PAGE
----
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The development and application of high-critical-speed nose inlets

The development and application of high-critical-speed nose inlets

Date: January 1, 1948
Creator: Baals, Donald D; Smith, Norman F & Wright, John B
Description: An analysis of the nose-inlet shapes developed in previous investigations to represent the optimum from the standpoint of critical speed has shown that marked similarity exists between the nondimensional profiles of inlets which have widely different proportions and critical speeds. With the nondimensional similarity of such profiles established, the large differences in the critical speeds of these nose inlets must be a function of their proportions. An investigation was undertaken in the Langley 8-foot high-speed tunnel to establish the effects of nose-inlet proportions on critical Mach number to develop a rational method for the design of high-critical-speed nose inlets to meet desired requirements. The test results data have been arranged in the form of design charts from NACA 1-series nose-inlet proportions and can be selected for given values of critical Mach number and airflow quantity. Examples of nose-inlet selections are presented for a typical jet-propulsion installation (critical Mach number of 0.83) and for two conventional radial-engine installations (critical Mach number of 0.76).
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A simplified theoretical method of determining the characteristics of a lifting rotor in forward flight

A simplified theoretical method of determining the characteristics of a lifting rotor in forward flight

Date: January 1, 1941
Creator: Bailey, F J , Jr
Description: Theoretical derived expressions for the flapping, the thrust, the torque, and the profile drag-lift ratio of nonfeathering rotor with hinged, rectangular, linearly twisted blades are given as simple functions of the inflow velocity and the blade pitch. Representative values of the coefficients of each of the terms in these expressions are tabulated for a series of specified values of the tip-speed ratio. Analysis indicates that the tabulated values can be used to calculate, with reasonable accuracy, the characteristics of any rotor of conventional design.
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Flight investigation at high speeds of the drag of three airfoils and a circular cylinder representing full-scale propeller shanks

Flight investigation at high speeds of the drag of three airfoils and a circular cylinder representing full-scale propeller shanks

Date: January 1, 1946
Creator: Barlow, William H
Description: Tests have been made at high speeds to determine the drag of models, simulating propeller shanks, in the form of a circular cylinder and three airfoils, the NACA 16-025, the NACA 16-040, and the NACA 16-040 with the rear 25 percent chord cut off. All the models had a maximum thickness of 4 1/2 inches to conform with average propeller-shank dimensions and a span of 20 1/4 inches. For the tests the models were supported perpendicular to the lower surface of the wing of an XP-51 airplane. A wake-survey rake mounted below the wing directly behind the models was used to determine profile drag of Mach numbers of 0.3 to 0.8 over a small range of angle of attack. The drag of the cylinder was also determined from pressure-distribution and force measurements.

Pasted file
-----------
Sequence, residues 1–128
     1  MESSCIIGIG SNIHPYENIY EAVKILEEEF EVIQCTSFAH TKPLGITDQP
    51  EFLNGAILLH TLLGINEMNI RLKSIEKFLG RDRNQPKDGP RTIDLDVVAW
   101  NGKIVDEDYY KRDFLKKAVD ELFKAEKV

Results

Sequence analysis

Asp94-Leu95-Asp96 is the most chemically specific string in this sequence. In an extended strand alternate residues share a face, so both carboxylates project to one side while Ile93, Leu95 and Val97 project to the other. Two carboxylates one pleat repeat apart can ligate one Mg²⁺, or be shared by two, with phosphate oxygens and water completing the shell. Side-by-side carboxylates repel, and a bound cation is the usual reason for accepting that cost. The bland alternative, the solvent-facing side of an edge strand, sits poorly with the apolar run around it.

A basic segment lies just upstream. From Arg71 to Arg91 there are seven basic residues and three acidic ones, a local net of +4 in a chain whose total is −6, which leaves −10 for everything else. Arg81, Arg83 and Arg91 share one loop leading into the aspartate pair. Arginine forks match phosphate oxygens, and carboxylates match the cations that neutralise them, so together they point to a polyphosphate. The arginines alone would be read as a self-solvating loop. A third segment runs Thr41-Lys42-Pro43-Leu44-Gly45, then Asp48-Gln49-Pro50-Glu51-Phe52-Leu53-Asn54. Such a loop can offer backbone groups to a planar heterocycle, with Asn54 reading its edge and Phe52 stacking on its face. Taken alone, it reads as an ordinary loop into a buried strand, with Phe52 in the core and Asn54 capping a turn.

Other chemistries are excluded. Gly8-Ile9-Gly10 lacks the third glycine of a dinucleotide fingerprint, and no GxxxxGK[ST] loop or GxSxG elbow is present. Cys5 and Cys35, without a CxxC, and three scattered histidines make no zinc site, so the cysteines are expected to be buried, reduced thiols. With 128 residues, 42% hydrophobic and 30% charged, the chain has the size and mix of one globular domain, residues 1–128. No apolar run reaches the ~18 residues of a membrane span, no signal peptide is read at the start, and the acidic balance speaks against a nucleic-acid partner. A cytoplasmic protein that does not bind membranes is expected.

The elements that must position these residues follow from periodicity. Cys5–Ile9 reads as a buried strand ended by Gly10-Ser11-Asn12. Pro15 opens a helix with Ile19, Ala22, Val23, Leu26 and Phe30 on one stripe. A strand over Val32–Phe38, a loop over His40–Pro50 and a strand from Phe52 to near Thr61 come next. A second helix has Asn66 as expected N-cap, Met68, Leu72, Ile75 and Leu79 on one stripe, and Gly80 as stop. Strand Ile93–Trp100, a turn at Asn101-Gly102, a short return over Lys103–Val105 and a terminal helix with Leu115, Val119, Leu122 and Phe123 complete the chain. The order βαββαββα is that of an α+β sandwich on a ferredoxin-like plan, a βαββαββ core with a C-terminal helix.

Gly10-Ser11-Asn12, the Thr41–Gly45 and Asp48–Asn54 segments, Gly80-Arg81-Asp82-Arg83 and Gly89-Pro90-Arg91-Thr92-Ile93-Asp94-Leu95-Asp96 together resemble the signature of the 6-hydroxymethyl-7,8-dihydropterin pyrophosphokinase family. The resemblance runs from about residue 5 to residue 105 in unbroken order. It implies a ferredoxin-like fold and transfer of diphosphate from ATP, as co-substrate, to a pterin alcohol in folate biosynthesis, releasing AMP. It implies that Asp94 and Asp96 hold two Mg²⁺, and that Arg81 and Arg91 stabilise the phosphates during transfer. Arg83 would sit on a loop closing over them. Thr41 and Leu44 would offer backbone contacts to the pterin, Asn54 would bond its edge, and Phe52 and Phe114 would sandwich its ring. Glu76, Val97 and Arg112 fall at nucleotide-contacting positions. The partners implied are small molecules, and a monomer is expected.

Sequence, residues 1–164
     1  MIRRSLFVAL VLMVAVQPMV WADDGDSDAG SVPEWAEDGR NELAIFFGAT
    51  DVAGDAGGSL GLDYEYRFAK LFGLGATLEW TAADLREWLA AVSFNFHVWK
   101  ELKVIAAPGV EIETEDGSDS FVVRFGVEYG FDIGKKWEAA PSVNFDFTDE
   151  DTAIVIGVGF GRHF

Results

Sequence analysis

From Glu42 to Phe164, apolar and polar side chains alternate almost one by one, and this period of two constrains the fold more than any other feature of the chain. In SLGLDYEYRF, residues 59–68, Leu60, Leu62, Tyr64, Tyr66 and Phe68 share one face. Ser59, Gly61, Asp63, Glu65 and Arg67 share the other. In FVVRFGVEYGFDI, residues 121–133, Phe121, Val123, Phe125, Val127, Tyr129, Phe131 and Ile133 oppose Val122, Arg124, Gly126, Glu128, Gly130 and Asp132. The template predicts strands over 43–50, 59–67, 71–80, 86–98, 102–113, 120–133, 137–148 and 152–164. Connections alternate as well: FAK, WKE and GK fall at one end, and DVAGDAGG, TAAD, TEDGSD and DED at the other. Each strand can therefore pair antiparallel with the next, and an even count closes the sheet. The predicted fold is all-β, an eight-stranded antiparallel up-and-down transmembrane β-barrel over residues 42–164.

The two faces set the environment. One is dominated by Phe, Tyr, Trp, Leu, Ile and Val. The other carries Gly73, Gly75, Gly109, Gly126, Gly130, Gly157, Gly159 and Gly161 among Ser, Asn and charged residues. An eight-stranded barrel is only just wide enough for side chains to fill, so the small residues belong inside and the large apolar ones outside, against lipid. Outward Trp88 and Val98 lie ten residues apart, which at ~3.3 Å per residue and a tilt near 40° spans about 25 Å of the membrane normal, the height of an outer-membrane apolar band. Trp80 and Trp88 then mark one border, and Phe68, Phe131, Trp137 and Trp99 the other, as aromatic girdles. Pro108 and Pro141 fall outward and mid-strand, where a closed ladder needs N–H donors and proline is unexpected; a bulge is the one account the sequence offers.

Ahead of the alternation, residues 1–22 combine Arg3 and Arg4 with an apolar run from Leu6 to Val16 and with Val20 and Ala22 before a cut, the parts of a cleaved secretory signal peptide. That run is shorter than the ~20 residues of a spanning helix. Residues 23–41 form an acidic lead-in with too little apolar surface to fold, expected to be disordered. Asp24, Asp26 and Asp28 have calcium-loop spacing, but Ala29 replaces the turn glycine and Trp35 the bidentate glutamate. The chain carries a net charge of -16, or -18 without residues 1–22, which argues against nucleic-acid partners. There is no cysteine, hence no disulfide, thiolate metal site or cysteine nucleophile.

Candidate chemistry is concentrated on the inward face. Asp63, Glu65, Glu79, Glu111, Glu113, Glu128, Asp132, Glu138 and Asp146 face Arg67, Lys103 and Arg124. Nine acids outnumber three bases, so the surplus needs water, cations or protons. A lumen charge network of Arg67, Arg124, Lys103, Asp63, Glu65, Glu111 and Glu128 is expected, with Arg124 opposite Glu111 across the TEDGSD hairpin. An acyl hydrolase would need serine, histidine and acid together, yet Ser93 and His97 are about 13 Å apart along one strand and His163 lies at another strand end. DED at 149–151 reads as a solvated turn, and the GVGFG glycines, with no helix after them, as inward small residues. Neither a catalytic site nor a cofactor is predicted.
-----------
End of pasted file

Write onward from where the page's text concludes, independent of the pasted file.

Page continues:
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Estimation of F-3 and F-4 knock-limited performance ratings for ternary and quaternary blends containing triptane or other high-antiknock aviation-fuel blending agents

Estimation of F-3 and F-4 knock-limited performance ratings for ternary and quaternary blends containing triptane or other high-antiknock aviation-fuel blending agents

Date: January 1, 1948
Creator: Barnett, Henry C
Description: Charts are presented that permit the estimation of F-3 and F-4 knock-limited performance ratings for certain ternary and quaternary fuel blends. Ratings for various ternary and quaternary blends estimated from these charts compare favorably with experimental F-3 and F-4 ratings. Because of the unusual behavior of some of the aromatic blends in the F-3 engine, the charts for aromatic-paraffinic blends are probably less accurate than the charts for purely paraffinic blends.
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A simplified method of elastic-stability analysis for thin cylindrical shells

A simplified method of elastic-stability analysis for thin cylindrical shells

Date: January 1, 1947
Creator: Batdorf, S B
Description: This paper develops a new method for determining the buckling stresses of cylindrical shells under various loading conditions. In part I, the equation for the equilibrium of cylindrical shells introduced by Donnell in NACA report no. 479 to find the critical stresses of cylinders in torsion is applied to find critical stresses for cylinders with simply supported edges under other loading conditions. In part II, a modified form of Donnell's equation for the equilibrium of thin cylindrical shells is derived which is equivalent to Donnell's equation but has certain advantages in physical interpretation and in ease of solution, particularly in the case of shells having clamped edges. The question of implicit boundary conditions is also considered.
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Critical combinations of shear and transverse direct stress for an infinitely long flat plate with edges elastically restrained against rotation

Critical combinations of shear and transverse direct stress for an infinitely long flat plate with edges elastically restrained against rotation

Date: January 1, 1946
Creator: Batdorf, S B & Houbolt, John C